Fruit cobbler is the kind of homey dessert that can and should be eaten year-round. Whenever you find yourself with peak-season fruit, consider the cobbler. With the right recipe, pulling one together is easy. Here's what you should expect: A deep-golden biscuit topping with a crisp exterior and cakey center that hovers over a pool of luscious baked fruit.
The challenge in baking a gluten-free cobbler is preserving the inherent ease while baking with gluten-free flours. This recipes does it, though, with a final dessert that rivals its classic counterpart, thanks to a cream biscuit made with cornmeal, oat flour, and easy-to-find rice flour.
Everything You Need to Know About Making a Gluten-Free Cobbler
Cobbler should always be easy. You should literally be able to "cobble" it together with just the ingredients in your pantry and fresh or frozen fruit. A gluten-free cobbler may require you to grab one unusual flour, but every other ingredient is a regular in most pantries.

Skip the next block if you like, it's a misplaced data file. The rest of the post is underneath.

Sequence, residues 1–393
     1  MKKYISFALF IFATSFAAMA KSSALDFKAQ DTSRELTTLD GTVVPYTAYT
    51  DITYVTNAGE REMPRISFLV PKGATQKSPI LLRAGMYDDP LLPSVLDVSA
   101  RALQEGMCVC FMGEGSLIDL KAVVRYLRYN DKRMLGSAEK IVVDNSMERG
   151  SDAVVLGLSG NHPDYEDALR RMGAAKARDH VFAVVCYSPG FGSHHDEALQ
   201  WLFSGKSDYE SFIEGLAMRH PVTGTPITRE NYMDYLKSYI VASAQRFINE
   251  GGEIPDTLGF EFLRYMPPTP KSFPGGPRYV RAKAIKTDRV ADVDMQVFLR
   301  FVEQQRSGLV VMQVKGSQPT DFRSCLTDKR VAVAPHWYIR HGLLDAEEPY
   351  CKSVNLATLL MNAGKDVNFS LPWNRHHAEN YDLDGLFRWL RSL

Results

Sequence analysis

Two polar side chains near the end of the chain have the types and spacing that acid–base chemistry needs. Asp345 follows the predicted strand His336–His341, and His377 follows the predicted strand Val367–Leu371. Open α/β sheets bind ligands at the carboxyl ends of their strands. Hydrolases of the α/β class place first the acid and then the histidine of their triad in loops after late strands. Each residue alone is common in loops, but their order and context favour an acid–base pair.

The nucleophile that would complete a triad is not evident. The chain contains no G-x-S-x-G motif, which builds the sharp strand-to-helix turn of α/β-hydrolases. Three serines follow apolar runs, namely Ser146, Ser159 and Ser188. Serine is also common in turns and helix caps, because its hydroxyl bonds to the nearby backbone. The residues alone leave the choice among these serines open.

Here's what you need to know for the best gluten-free cobbler.
- How to make a cream biscuit dough.
- The best flours for gluten-free cobbler and where to find them.
- Is cornstarch gluten-free?
The Best Cobbler Topping Is a Cream Biscuit Topping
There are many variations on cobbler toppings, but for most, a cobbler topping is always based on a lightly sweetened biscuit. Cream biscuits are particularly well-suited to sweetening and spooning atop juicy fruit. They also have the distinction of being incredibly effortless to mix up — even when you change up the flour. What I particularly enjoy about cream biscuits for cobbler is if you buy a pint of cream and use most of it to make this recipe, you'll have just enough cream to whip up for topping the finished cobbler.